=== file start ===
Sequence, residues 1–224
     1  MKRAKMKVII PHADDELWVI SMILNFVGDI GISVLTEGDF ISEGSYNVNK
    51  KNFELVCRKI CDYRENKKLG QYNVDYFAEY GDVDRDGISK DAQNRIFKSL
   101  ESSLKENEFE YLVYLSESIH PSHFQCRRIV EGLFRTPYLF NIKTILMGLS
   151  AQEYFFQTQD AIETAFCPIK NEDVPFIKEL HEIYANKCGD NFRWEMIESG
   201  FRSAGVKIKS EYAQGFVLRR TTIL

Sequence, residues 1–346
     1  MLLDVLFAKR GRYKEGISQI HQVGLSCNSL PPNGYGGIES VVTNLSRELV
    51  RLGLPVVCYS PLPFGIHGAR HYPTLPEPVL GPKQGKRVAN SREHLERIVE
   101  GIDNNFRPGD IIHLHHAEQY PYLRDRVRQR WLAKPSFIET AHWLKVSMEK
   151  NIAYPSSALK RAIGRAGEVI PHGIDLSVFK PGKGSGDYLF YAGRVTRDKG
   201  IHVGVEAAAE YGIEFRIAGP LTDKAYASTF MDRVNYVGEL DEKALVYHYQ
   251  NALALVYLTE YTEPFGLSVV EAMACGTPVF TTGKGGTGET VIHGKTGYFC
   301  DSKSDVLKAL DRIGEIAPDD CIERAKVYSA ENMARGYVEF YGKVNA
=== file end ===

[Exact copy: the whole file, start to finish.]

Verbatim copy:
Sequence, residues 1–224
     1  MKRAKMKVII PHADDELWVI SMILNFVGDI GISVLTEGDF ISEGSYNVNK
    51  KNFELVCRKI CDYRENKKLG QYNVDYFAEY GDVDRDGISK DAQNRIFKSL
   101  ESSLKENEFE YLVYLSESIH PSHFQCRRIV EGLFRTPYLF NIKTILMGLS
   151  AQEYFFQTQD AIETAFCPIK NEDVPFIKEL HEIYANKCGD NFRWEMIESG
   201  FRSAGVKIKS EYAQGFVLRR TTIL

Sequence, residues 1–346
     1  MLLDVLFAKR GRYKEGISQI HQVGLSCNSL PPNGYGGIES VVTNLSRELV
    51  RLGLPVVCYS PLPFGIHGAR HYPTLPEPVL GPKQGKRVAN SREHLERIVE
   101  GIDNNFRPGD IIHLHHAEQY PYLRDRVRQR WLAKPSFIET AHWLKVSMEK
   151  NIAYPSSALK RAIGRAGEVI PHGIDLSVFK PGKGSGDYLF YAGRVTRDKG
   201  IHVGVEAAAE YGIEFRIAGP LTDKAYASTF MDRVNYVGEL DEKALVYHYQ
   251  NALALVYLTE YTEPFGLSVV EAMACGTPVF TTGKGGTGET VIHGKTGYFC
   301  DSKSDVLKAL DRIGEIAPDD CIERAKVYSA ENMARGYVEF YGKVNA